Postcard from Asheville
Do You Believe in Magic?
In 1950, for some inexplicable reason, all fifteen members of a church choir in Beatrice, Nebraska,were late for practice; their tardiness saved their lives. An explosion leveled the church minutes after choir practice was to begin. Coincidence? I don’t think so. I choose to believe in the magic.
A while ago, I attended a weekend meditation retreat. I was nervous. I walked into the room and heard someone call out my name. In the corner sat a friend; I had just run into her that morning at Pilates class. We hadn’t seen each other in months. She motioned for me to sit next to her. My anxiety dissipated. Coincidence? I don’t think so. I choose to believe in the magic.
Swiss psychologist Carl Jung called these events “synchronicities” or "temporally coincident occurrences of acausal events." Synchronicity can be described as the “magical” coming together of events. They are the types of “coincidental” occurrences that make us sit up and take notice, or as I like to call them, “God’s winks.”
Some scientists see a theoretical grounding for synchronicity in quantum physics, fractal geometry, and chaos theory. They are finding that the isolation of objects, the separation between them, is based more on our perception than on reality. At deeper levels, everything—atoms, cells, molecules, plants, animals, and people—is bound together in a sensitive, flowing web of information. Physicists have shown, for example, that if two photons are separated, no matter by how far, a change in one creates a simultaneous change in the other.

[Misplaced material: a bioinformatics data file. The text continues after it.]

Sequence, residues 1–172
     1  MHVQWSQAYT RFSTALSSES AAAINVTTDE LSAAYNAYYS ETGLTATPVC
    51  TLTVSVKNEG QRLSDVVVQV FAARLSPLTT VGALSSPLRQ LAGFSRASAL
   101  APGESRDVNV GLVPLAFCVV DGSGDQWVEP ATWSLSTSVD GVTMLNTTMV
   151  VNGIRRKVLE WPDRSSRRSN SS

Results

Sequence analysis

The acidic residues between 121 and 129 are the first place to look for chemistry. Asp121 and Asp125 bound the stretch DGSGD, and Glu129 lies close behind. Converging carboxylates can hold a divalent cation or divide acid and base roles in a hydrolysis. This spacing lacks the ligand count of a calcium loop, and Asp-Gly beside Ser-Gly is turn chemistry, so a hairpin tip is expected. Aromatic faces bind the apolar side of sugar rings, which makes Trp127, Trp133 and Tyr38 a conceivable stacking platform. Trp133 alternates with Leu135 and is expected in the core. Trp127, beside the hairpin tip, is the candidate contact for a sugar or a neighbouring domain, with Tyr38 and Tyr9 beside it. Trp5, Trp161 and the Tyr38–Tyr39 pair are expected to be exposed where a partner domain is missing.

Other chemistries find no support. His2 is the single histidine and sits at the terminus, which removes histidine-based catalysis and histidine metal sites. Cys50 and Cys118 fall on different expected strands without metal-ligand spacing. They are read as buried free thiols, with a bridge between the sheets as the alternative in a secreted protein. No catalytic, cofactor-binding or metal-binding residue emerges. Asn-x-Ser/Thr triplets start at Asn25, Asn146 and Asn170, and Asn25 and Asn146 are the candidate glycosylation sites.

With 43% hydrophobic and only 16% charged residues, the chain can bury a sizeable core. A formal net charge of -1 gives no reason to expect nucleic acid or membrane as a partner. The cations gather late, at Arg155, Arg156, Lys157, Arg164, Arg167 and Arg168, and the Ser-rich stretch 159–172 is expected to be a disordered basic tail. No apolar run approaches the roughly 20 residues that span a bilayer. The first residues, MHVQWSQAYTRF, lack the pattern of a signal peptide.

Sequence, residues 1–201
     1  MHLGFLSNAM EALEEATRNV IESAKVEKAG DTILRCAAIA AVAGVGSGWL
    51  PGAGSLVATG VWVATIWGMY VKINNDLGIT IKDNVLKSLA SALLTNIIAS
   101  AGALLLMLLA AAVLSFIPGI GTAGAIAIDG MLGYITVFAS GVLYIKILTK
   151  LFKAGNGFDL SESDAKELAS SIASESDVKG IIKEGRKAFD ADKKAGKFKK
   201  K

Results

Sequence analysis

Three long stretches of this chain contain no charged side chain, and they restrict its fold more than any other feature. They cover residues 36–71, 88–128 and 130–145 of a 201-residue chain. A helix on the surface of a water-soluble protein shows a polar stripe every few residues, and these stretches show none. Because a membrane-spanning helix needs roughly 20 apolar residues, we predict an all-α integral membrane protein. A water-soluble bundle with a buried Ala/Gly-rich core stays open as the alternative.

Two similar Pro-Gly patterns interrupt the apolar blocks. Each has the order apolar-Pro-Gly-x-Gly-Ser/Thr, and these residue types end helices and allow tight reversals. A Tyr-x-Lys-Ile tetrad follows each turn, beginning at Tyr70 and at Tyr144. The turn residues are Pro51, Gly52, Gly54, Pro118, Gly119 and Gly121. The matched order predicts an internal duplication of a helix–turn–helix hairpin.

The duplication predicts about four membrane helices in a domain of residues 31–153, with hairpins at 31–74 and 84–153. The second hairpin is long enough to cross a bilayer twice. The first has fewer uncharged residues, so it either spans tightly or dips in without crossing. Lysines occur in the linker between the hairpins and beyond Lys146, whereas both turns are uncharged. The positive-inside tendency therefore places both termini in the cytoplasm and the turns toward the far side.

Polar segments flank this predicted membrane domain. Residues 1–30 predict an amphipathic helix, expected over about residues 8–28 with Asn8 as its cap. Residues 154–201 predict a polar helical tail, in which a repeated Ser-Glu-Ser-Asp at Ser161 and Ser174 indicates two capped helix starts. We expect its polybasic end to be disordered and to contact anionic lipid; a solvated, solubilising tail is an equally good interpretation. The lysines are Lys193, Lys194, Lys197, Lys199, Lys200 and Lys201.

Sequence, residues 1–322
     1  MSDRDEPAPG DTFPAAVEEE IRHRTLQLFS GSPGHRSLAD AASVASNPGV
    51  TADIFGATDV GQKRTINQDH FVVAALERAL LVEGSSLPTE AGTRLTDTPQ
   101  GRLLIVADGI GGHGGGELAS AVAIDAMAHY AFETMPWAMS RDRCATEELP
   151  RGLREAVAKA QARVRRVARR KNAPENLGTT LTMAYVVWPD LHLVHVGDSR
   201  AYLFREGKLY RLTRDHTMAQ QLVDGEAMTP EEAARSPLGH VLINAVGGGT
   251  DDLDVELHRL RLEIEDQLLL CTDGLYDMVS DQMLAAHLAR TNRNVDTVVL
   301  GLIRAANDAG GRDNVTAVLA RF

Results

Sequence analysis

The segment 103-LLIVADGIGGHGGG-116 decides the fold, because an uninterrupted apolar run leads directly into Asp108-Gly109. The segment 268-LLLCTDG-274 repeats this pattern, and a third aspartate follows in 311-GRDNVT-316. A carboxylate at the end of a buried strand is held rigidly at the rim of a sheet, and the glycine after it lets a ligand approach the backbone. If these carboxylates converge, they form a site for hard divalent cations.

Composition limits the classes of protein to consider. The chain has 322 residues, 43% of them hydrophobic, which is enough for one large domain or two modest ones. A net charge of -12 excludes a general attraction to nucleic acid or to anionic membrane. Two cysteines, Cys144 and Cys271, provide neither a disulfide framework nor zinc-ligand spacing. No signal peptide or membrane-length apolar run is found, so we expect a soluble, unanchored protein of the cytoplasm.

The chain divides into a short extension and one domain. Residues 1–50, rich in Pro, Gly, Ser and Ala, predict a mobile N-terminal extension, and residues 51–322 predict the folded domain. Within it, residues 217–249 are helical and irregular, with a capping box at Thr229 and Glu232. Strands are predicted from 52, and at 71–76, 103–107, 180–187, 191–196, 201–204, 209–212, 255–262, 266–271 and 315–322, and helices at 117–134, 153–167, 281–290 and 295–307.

Think of this principle in terms of humans. We hear about a man running out to help someone trapped under a car. Suddenly, others rush in to help. And, of course, we hear negative stories along the same lines. One person in a brokerage firm gets greedy and soon his colleagues are bilking their clients too. Coincidences? Maybe not.
Whatever its cause, for many the appeal of synchronicity runs deep. "People love mysterious things, and synchronicity is like magic happening to them," says Carolyn North, author of Synchronicity: The Anatomy of Coincidence (Regent Press). "It gives us a sense of hope, a sense that something bigger is happening out there than what we can see, which is especially important in times like this when there are so many reasons for despair."
In an article in the Sunday, April 8, 2012,New York Times, writer Mathew Hutson refers to research conducted by Laura Kray at the University of California–Berkeley in which subjects reflected upon a turning point in their lives. The more the subjects believed the turning point had been fated, the more they believed, “It made me who I am today,” or “It gave meaning to my life.”
In another study conducted by psychologist Kenneth Pargament of Bowling Green State University, students who saw a negative event as a “part of God’s plan” showed more growth later on and became more open to new perspectives, more intimate in relationships, and more persistent in overcoming challenges.
How about you? Do you believe life events are random, or do you believe—as I do—in the magic?